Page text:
Abstract: Randomized experiments, or A/B tests are used to estimate the causal impact of a feature on the behavior of users by creating two parallel universes in which members are simultaneously assigned to treatment and control. However, in social network settings, members interact, such that the impact of a feature is not always contained within the treatment group. Researchers have developed a number of experimental designs to estimate network effects in social settings. Alternatively, naturally occurring exogenous variation, or 'natural experiments,' allow researchers to recover causal estimates of peer effects from observational data in the absence of experimental manipulation. Natural experiments trade off the engineering costs and some of the ethical concerns associated with network randomization with the search costs of finding situations with natural exogenous variation. To mitigate the search costs associated with discovering natural counterfactuals, we identify a common engineering requirement used to scale massive online systems, in which natural exogenous variation is likely to exist: notification queueing. We identify two natural experiments on the LinkedIn platform based on the order of notification queues to estimate the causal impact of a received message on the engagement of a recipient. We show that receiving a message from another member significantly increases a member's engagement, but that some popular observational specifications, such as fixed-effects estimators, overestimate this effect by as much as 2.7x. We then apply the estimated network effect coefficients to a large body of past experiments to quantify the extent to which it changes our interpretation of experimental results. The study points to the benefits of using messaging queues to discover naturally occurring counterfactuals for the estimation of causal effects without experimenter intervention.
    Date: 2019–02
  16. By: López Bóo, Florencia (Inter-American Development Bank); Creamer, John (U.S. Census Bureau)
    Abstract: We explore the effects of a randomly assigned conditional cash transfer in Honduras (Bono 10000) on early childhood development. We find significant impacts on cognitive development in children 0-60 months, with an average effect size of 0.13 SD. We show differential impacts by type of transfer: 0-5-year-old children from families receiving the "health" transfer, which targeted families with 0-5-year-old children only, benefited significantly from the program, whereas 0-5 year-olds in families receiving the "education" transfer, which targeted 6-18 year-olds, perceived no benefit. In comparison with other programs, the effect of this impact is sizeable (0.34 SD on average). Although the overall program appears to have slightly changed some behaviors that might affect children (i.e. decreased probability of maternal employment, and increased maternal self-esteem), we did not find heterogenous impacts of the Bono across these variables. Results are explained mainly by differences in conditions: while the "education" component imposed conditions only on children of schooling age, the "health" transfer required regular health checkups of 0-5 year old children. The "health" transfer families were more likely to attend health checkups, which may have induced behavior changes that improved children's health and cognitive development, including purchasing more nutritious food. These results imply that cash without well-targeted conditions attached, might not be as effective for the development of young children.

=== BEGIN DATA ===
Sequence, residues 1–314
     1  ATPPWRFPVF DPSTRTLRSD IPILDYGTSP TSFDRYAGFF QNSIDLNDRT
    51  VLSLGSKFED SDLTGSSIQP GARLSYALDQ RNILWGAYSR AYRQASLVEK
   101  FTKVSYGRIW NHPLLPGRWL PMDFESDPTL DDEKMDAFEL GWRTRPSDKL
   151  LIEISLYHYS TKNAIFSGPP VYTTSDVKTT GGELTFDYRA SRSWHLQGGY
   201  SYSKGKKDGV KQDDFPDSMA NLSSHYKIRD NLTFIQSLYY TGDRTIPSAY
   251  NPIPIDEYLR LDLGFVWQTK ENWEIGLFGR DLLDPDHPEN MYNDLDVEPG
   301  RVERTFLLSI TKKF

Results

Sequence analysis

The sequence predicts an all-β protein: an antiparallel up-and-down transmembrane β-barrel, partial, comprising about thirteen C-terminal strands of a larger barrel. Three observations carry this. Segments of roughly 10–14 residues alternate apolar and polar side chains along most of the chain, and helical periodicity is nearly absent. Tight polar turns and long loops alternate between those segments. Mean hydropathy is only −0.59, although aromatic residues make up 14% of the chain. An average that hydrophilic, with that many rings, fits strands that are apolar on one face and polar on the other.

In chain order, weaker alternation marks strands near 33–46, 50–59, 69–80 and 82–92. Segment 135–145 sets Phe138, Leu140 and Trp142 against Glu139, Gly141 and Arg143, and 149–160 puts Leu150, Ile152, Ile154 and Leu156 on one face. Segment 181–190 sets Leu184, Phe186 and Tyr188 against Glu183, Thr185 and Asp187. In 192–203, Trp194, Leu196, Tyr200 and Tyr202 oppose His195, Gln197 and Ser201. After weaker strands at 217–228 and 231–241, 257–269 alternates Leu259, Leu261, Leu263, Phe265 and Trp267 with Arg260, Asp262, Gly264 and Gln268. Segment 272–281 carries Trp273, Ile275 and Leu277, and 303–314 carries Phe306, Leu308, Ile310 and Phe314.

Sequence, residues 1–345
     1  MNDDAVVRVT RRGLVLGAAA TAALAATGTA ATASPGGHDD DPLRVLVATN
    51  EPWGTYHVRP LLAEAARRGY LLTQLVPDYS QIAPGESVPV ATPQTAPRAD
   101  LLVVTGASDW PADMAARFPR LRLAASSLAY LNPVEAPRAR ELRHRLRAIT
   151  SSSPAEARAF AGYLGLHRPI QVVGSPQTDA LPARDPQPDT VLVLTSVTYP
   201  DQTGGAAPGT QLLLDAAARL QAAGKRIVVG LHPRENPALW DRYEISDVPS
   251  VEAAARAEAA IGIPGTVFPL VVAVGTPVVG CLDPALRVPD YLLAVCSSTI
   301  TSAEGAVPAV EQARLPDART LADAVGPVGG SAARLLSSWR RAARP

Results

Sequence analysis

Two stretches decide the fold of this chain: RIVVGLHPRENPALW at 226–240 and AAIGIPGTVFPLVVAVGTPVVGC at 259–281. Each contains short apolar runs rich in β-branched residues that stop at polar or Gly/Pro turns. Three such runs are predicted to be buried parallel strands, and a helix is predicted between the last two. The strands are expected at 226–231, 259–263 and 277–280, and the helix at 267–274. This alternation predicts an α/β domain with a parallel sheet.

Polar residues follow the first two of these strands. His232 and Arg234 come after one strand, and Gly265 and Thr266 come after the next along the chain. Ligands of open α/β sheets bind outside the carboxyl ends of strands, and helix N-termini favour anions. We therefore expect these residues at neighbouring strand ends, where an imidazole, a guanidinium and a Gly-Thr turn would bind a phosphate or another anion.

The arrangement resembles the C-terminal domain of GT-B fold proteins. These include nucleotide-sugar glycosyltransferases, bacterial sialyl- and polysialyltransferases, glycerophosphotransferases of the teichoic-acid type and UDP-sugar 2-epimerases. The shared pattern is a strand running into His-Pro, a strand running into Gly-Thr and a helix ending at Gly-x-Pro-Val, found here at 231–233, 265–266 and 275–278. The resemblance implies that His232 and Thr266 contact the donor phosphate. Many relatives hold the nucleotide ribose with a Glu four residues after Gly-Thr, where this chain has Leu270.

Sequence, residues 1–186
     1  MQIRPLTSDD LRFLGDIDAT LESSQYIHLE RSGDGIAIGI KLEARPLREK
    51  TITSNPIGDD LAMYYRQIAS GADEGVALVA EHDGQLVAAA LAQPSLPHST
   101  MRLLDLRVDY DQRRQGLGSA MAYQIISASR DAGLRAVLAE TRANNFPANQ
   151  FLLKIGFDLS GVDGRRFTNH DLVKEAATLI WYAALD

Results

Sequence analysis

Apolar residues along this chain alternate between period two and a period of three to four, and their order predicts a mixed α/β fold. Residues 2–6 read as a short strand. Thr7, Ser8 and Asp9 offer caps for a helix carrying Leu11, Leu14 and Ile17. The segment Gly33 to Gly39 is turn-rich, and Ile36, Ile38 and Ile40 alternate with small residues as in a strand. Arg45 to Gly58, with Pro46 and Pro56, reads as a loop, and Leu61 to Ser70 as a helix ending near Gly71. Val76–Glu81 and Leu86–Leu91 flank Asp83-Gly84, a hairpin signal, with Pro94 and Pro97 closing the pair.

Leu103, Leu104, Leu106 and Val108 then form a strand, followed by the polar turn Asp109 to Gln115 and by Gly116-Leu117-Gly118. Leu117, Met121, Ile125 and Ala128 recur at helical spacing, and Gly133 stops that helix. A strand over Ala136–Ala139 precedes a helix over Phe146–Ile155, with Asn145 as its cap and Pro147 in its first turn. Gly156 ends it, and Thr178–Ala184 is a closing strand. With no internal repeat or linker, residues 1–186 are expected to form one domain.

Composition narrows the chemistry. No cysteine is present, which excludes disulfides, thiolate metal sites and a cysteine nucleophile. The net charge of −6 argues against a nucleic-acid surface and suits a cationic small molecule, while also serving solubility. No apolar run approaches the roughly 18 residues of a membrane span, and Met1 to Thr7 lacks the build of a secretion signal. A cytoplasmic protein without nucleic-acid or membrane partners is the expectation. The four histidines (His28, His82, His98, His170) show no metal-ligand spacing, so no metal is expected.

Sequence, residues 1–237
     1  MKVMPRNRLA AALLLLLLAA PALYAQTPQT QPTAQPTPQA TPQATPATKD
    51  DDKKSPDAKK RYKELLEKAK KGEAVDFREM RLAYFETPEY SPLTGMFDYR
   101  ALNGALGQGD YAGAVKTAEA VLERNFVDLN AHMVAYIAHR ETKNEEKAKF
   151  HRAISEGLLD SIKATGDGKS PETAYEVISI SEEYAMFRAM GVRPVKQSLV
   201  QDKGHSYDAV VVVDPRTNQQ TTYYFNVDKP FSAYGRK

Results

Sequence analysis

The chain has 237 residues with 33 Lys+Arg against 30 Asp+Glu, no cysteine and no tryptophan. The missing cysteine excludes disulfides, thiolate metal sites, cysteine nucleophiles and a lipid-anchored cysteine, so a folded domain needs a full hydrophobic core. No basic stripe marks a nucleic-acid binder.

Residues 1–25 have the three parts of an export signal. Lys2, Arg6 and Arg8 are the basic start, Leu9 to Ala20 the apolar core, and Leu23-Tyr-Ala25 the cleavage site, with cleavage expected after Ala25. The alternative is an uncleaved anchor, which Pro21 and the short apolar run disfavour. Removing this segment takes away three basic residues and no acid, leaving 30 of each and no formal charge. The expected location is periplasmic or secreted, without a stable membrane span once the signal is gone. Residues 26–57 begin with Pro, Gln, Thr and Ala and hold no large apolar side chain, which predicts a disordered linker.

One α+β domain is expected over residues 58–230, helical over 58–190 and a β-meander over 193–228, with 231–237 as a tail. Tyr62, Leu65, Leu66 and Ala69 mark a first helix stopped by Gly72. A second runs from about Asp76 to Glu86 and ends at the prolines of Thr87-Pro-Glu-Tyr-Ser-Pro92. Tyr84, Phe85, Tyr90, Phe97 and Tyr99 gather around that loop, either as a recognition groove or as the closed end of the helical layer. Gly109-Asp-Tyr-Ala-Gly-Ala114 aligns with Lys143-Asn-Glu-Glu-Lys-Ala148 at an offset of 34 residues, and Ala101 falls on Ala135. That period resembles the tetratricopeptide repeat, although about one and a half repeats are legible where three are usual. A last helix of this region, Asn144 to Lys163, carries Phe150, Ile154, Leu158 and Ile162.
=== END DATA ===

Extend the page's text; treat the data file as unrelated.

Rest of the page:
Keywords: Honduras, education, health, early childhood development, children, conditional cash transfers (CCTs), impact evaluation
    JEL: C93 J13 I25 I38
    Date: 2019–01
  17. By: Bosetti, Valentina; Heugues, Melanie; Tavoni, Alessandro
    Abstract: We explore the prospects of cooperation in a threshold public bad game. The experiment’s setup allows us to investigate the issue of effort coordination between signatories and non-signatories to a climate agreement under the threat of a catastrophe. Motivated actors may signal willingness to lead by committing a share of investments to a ‘clean’ but less remunerative project. The game is parametrized such that the externality cannot be fully internalized by the coalition, so that some effort on the part of the second movers is required if the catastrophic losses are to be avoided. We manipulate both the relative returns of two investments and the extent to which the gains from leadership diffuse to second movers. We find that the likelihood of reaching a sizeable coalition of early investors in the clean technology is higher when the benefits are appropriated by the coalition. Conversely, spillovers can entice second movers’ adoption.
    JEL: C70 C92 Q50
    Date: 2017–04–01
  18. By: Charles Bellemare; Alexander Sebald